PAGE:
(I devoutly trust, by the way, that the Latin Church will not follow the boring old Anglican mistake of regarding Confirmation as an adolescent Rite of Passage, a sort of Christian Bar-Mitzvah; a misunderstanding as pastorally disastrous as it is theologically flawed. It most certainly is nothing whatsoever of the sort.)

The point of the Pentecost Octave is quite simply that it follows on logically from the Baptismal Vigil Liturgy. It is a week in which (as after Easter) the Illuminati wear their Whites (a meaning still, probably, alluded to in the English name Whitsunday). The Eucharistic Celebrant continues through the week to use the form of the Hanc igitur which is said for the newly initiated. On Saturday, the Neonati returned their Whites to the Pontiff; the statio was ad S Petrum in Vaticano.

It is best to have a whole cake. If one cannot have the whole thing, should one wish for a half a cake, or prefer, in austere liturgical purity, to have no cake at all? I have erudite friends who differ from my judgement; but, frankly, I am unashamedly a half-a-cake man. The abolition of the the Pentecost Baptismal Vigil does indeed do its best to make an illogical hash of Pentecost and its Octave; we really do have to admit this. But the Octave, and the proper Hanc igitur, constitute a foot in the door for a restoration of the full, integral, Classical, Roman Pentecostal celebration.

FOOTNOTES
(1) The Vigil disappeared under Pius XII; we should never forget that the disintegration of the Classical Roman Rite has Pius XII for its godfather. The 'Council' and its aftermath merely formed a logical progression of what Pius XII and Mgr Bugnini and others had already enthusiastically set rolling in the 1950s.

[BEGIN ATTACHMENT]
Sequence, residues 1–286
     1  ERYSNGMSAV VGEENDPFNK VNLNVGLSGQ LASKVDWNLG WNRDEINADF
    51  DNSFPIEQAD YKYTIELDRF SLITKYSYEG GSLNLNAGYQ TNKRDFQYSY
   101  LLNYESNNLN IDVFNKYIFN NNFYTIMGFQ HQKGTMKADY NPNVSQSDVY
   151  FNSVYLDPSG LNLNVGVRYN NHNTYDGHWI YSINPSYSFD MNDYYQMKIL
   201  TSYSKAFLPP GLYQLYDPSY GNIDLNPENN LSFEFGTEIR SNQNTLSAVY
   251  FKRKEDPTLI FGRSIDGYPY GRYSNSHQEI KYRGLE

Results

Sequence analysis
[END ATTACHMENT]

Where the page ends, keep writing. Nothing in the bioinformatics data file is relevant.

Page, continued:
(2) If one wished to restore the Vigil while remaing strictly legal in terms of the 1962 books, one could, surely, do the section preceding the Mass as a technically unofficial service of devotion; and then, having returned to Sacristy to change into red vestments, set out afresh from the Sacristy to begin the rubrically provided Eucharist with the Praeparatio and the prescribed Introit.
(3) The problem of administering Confirmation to adolescents, familiar to all Anglican parish clergy, is summed up in the old Anglican joke about one Churchwarden advising another about how to get rid of the bats in his belfry despite the fact that they were a protected species. "We just got the Bishop to climb up the ladder to the bell-chamber and clamber round the bells and confirm every single bat. We've never seen them in church since".

13 May 2016

Saldum est cor Virginis

So why do I write a blog? An old post I reread recently reminded me why. I had written about a detail in the Office of Readings in the Liturgia Horarum on the memoria of our Lady of Fatima. I had wondered about the word at the start of the Responsory after the Patristic Reading (itself a passage from S Ephraim illustrating a mot of Eric Mascall: whenever Rome wants to say something really 'extreme' about Mary she has to raid Eastern sources). Saldum est cor Virginis: ad angeli nuntium concepit mysterium divinum ...etc. I did not know saldum as a Classical Latin word. I knew, of course, that Italian saldo means 'firm'; Danteists will know that Dante once used saldo to qualify cor, but not in a Marian context. Was saldum Late Latin? Was this responsory itself a quotation from a source which uses the word? Or did an Italophone in CDW intend to write 'solidum' but have his native tongue too much in mind? Or was this another typo?